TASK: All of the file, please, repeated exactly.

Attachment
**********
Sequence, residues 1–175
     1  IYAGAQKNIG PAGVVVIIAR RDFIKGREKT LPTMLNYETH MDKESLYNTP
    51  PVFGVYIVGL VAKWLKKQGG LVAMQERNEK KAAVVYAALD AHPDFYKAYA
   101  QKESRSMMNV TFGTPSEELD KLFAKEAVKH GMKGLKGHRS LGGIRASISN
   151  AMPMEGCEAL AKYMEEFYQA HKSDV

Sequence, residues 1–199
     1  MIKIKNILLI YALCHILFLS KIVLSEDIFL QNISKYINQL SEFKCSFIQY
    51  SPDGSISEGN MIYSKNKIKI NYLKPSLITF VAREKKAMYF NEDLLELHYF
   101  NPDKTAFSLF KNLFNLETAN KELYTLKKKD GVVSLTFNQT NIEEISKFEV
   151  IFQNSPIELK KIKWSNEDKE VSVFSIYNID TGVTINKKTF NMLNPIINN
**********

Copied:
Sequence, residues 1–175
     1  IYAGAQKNIG PAGVVVIIAR RDFIKGREKT LPTMLNYETH MDKESLYNTP
    51  PVFGVYIVGL VAKWLKKQGG LVAMQERNEK KAAVVYAALD AHPDFYKAYA
   101  QKESRSMMNV TFGTPSEELD KLFAKEAVKH GMKGLKGHRS LGGIRASISN
   151  AMPMEGCEAL AKYMEEFYQA HKSDV

Sequence, residues 1–199
     1  MIKIKNILLI YALCHILFLS KIVLSEDIFL QNISKYINQL SEFKCSFIQY
    51  SPDGSISEGN MIYSKNKIKI NYLKPSLITF VAREKKAMYF NEDLLELHYF
   101  NPDKTAFSLF KNLFNLETAN KELYTLKKKD GVVSLTFNQT NIEEISKFEV
   151  IFQNSPIELK KIKWSNEDKE VSVFSIYNID TGVTINKKTF NMLNPIINN